Niykee Heaton Niykee Heaton
VIBE/ Stacy-Ann Ellis

Interview: Niykee Heaton Takes Us On Her Journey From The ‘Net To A National Tour

Niykee Heaton won't let anyone knock her music hustle, determined to prove that she's much more than just a pretty face on your IG timeline.

Niykee Heaton refuses to let the unseasonably crisp 43-degree April temps in NYC bother her during her day of press runs. As she struts into VIBE’s Manhattan offices, she’s wearing a heavy, light-colored jean jacket and an oversized gray NBK (“Naturyl Born Killers,” her personal brand) sweatshirt, which work perfectly with the rather frightful weather outside. However, she can also be seen wearing two mighty-thin layers of flesh-toned leggings, which are more than likely designed to make you do a double take.

“Don’t wear pants!” she says to me with a grin. “You’ve got such a cute little body!” Her confident, no-f**ks given personality is not far off from the open book presence she’s known for on social media. You may be one of her 2 million Instagram followers, but the 21-year-old blonde bombshell is here to prove she can do more than break the Internet.

The Illinois-bred songstress gained immense popularity via YouTube three years ago by performing acoustic versions of hip-hop songs from the comfort of her bedroom, such as Chief Keef’s “Love Sosa” and Trinidad Jame$’ “All Gold Everything.” Since then, her extreme work-ethic coupled with her mastery of self-promotion has helped her emerge as a bright spot in the pop music realm. She’s had the chance to work with Russell Simmons and Migos, she’s met with Kanye West in the studio, and has performed at events like UMG’s “Music Is Universal” SXSW showcase this past March.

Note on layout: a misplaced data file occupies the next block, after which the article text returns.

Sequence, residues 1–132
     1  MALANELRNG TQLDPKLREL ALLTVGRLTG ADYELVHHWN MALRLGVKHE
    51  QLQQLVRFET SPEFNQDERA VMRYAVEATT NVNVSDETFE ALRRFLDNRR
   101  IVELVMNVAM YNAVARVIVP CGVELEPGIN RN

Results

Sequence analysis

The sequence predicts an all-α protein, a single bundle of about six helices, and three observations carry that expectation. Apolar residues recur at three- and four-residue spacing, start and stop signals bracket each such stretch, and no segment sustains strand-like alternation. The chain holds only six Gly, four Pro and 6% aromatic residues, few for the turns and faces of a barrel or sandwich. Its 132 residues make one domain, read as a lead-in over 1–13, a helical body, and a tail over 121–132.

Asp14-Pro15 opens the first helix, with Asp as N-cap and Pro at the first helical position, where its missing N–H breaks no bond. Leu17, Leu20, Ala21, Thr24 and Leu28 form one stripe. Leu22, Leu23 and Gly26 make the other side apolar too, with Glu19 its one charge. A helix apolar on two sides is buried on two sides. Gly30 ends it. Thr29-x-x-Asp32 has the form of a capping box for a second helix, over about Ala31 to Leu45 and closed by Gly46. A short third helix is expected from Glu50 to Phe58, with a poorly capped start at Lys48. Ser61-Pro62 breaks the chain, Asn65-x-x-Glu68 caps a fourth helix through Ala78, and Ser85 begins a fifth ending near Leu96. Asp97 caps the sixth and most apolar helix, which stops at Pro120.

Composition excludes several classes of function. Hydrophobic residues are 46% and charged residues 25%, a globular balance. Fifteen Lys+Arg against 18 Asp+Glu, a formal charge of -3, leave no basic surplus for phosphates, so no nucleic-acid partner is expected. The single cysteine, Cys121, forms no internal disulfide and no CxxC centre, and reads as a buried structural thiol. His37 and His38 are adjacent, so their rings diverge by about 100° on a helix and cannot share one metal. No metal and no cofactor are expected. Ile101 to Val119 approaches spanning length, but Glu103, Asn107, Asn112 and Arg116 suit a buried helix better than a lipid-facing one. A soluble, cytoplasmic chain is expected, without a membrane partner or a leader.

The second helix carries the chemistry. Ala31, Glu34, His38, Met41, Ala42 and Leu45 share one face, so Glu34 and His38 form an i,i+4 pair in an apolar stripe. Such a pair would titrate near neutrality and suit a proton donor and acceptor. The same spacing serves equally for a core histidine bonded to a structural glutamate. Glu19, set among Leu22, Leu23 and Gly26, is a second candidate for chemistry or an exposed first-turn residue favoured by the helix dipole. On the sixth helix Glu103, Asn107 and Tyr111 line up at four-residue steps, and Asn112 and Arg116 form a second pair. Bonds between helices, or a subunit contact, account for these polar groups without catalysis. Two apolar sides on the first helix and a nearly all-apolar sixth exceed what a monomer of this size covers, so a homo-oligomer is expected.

The Capitol Records signee recently wrapped up her first headlining concert, The Bedroom Tour, in late 2015, which was sold out for all 20 stops. A “do-it-yourself” kind of gal, the Florida local self-wrote and produced her debut EP, 2014’s Bad Intentions, as well as her March 2016 mixtape, The Bedroom Tour Playlist, which features remixed and remastered versions of the songs performed on the tour.

Her steady rise as a musician has not been easy. Internet trolls and detractors have questioned if she is truly a musical force to be reckoned with, but it seems like she’s not letting anyone knock her hustle, proving that she is much more than just a pretty face. Read on to learn about your #WCW’s experiences both online and on the music radar.

VIBE: What’s it like making the transition from YouTube into the music industry?
Niykee Heaton: For me, it wasn't such a crazy transition, because I never really thought of myself as a “YouTube star.” I never wanted to be a Youtube star. I always thought it was kind of corny when people would just do covers for a living; I never wanted to be known as that. I'm grateful that I could get noticed through YouTube and by doing covers, but that was never a long term thing for me, so it was really easy to be like push that to the side, and be like, "Wait, this is my real music." So I kinda did that without thinking. It was my fans who had to catch up and make that transition, which they're slowly doing.

How has having a South African upbringing shaped you, because I know your mom is from there, right?
I was actually born in Illinois. My sister was born in South Africa and all my mother's side still live there, so I'm actually half. Even though I was pretty much raised in the United States and I only went there to visit family, I always felt like that was home. And I never knew why I felt so out of place in Chicago until I went back and I visited my family, and I was like "oh, this is where I'm meant to be." I love South Africa. That's where I want to retire, that's where I wanna be whenever I have downtime, but having that sort of background. My mom's family are very much hippies and very free-spirited. Very, very laid back, very about nature and beauty and everything like that, so I think having that side to my ancestry is pretty cool. I think that's where I get my free-spiritedness from.

What type of music did your parents play in your house when you were growing up?